WAR-less Java Web Apps

Have you ever thought about why in Java we package up web apps into WAR files (or WAR directory structures)? It certainly is a convenient way to move an application and its dependencies from one place to another. But wouldn’t it be nice if everything could just stay in its original location and there wouldn’t be any moving of files around? Wouldn’t it also be nice if you specified your required version of Jetty or Tomcat just like you do with every other dependency? The WAR-less approach is one that is catching on as emerging Java web frameworks like Play! ditch the WAR files. With standard Java web apps we can also ditch the WAR files by simply launching an embedded Jetty or Tomcat server. Let’s give this a try and see how it goes.

For this experiment I’m going to use Maven and Jetty. This will still use the same standard source structure for a WAR file (src/main/java, src/main/webapp, etc). The major difference is that I will actually startup Jetty using a good-old static void main. This is similar to using the jetty:run goal but will allow us to have the same exact setup in development and in production. The static stuff will be in src/main/webapp, the compiled classes will be in target/classes, and the dependencies will be right were Maven downloaded them to. First, here is a little Java class (src/main/java/foo/Main.java) that sets up a Jetty server and starts it:

package foo;

import java.io.File;
import java.net.URL;
import java.util.jar.Attributes;
import java.util.jar.JarFile;

import org.eclipse.jetty.server.Server;
import org.eclipse.jetty.server.handler.*;
import org.eclipse.jetty.util.StringUtil;
import org.eclipse.jetty.webapp.WebAppContext;

public class Main

  public static void main(String[] args) throws Exception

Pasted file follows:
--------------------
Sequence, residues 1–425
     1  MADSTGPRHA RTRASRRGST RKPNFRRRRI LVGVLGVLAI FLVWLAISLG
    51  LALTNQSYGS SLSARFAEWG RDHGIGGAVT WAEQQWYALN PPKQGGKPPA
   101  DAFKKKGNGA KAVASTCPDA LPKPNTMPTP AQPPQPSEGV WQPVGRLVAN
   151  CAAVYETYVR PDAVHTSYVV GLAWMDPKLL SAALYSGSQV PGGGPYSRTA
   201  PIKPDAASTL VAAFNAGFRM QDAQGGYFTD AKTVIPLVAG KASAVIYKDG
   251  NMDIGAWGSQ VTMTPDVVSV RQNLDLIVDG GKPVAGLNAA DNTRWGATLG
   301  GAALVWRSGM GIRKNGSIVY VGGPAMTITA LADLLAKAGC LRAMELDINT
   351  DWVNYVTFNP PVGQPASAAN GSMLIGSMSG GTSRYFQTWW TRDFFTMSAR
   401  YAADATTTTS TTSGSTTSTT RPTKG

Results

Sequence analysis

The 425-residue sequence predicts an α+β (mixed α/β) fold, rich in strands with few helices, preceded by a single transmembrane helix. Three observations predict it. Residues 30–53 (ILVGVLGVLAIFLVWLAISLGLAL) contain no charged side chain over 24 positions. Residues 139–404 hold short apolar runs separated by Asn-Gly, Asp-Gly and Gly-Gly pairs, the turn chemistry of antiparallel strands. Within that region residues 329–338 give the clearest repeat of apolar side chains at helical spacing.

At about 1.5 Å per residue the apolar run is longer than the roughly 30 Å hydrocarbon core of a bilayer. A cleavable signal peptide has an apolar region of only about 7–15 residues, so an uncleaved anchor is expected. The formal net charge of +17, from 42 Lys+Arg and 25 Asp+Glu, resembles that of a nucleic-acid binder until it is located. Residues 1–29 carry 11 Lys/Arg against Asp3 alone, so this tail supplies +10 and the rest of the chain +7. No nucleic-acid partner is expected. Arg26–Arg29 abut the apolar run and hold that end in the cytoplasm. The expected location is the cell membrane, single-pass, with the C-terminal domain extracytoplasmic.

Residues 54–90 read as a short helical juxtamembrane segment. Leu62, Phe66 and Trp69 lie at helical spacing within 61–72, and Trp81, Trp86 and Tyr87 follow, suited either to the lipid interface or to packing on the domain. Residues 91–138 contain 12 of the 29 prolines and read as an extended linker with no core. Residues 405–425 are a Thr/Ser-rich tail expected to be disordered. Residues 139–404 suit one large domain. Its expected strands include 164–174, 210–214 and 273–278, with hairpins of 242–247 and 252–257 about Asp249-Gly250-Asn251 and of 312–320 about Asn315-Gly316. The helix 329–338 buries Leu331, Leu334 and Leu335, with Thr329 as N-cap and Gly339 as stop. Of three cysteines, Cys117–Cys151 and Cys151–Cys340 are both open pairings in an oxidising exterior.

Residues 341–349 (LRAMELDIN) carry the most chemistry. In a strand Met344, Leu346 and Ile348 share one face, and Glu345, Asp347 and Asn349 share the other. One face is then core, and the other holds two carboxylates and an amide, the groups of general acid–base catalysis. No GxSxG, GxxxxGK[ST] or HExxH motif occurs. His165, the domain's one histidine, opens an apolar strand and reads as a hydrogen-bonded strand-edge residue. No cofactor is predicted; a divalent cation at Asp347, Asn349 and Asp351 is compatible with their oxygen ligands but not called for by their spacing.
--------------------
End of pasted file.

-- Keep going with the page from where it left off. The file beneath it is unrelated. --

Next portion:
String webappDirLocation = "src/main/webapp/";

    Server server = new Server(8080);
    WebAppContext root = new WebAppContext();

    root.setDescriptor(webappDirLocation + "/WEB-INF/web.xml");




As you can see, Main just references the webapp directory so I don’t have to copy the stuff from there to another place. Next I have a little test servlet (src/main/java/foo/HelloServlet.java):

package foo;

import java.io.IOException;
import java.io.PrintWriter;

import javax.servlet.ServletException;
import javax.servlet.http.*;

public class HelloServlet extends HttpServlet

  protected void doGet(HttpServletRequest req, HttpServletResponse resp) throws ServletException, IOException
    PrintWriter out = resp.getWriter();
    out.println("hello, world");

And now the web.xml file (src/main/webapp/WEB-INF/web.xml):

<?xml version="1.0" encoding="UTF-8"?>
<web-app xmlns:xsi="http://www.w3.org/2001/XMLSchema-instance"
  xmlns="http://java.sun.com/xml/ns/javaee" xmlns:web="http://java.sun.com/xml/ns/javaee/web-app_2_5.xsd"
  xsi:schemaLocation="http://java.sun.com/xml/ns/javaee http://java.sun.com/xml/ns/javaee/web-app_2_5.xsd"

And finally a pom.xml file that specifies Jetty as a dependency and provides an easy way to run the Main class:

<?xml version="1.0" encoding="UTF-8"?>
<project xmlns="http://maven.apache.org/POM/4.0.0"
         xsi:schemaLocation="http://maven.apache.org/POM/4.0.0 http://maven.apache.org/maven-v4_0_0.xsd">





And now simply run:

mvn compile exec:java

Maven compiles my Java classes into target/classes and then the exec:java goal runs the Main which finds the other WAR assets in the src/main/webapp directory. If you have been following along, make a request to http://localhost:8080/ to verify that it works (which it should).

There are two alternatives to running Jetty from Maven. You can use the Maven appassembler plugin to create start scripts containing the correct CLASSPATH references and then launch Main class using the generated scripts. Or you can use the Maven assembly or shade plugin to create a JAR containing the application and all of its dependencies.

Here is an example section of a pom.xml file for using the appassembler plugin:


To generate the start scripts simply run:

mvn install

Then to run the script set the REPO environment variable to your Maven repository:

export REPO=~/.m2/repository

And then simply run the script:

sh target/bin/main

All of the code for this example is on github.com:


To make all of this even easier, Jetty has a Maven archetype for generating everything for you. To create a new project containing this setup run:

mvn archetype:generate -DarchetypeGroupId=org.mortbay.jetty.archetype -DarchetypeArtifactId=jetty-archetype-assembler -DarchetypeVersion=8.1.9.v20130131

And now you are ready to build a WAR-less Java web app!

This setup is really the bare minimum required to handle web resource and servlet requests you will need to do a little more work if you want to add JSP support. Find out more about this in the Jetty documentation.

So… What do you think about Java Web apps without WAR files & WAR packaging? I’d love to hear your thoughts!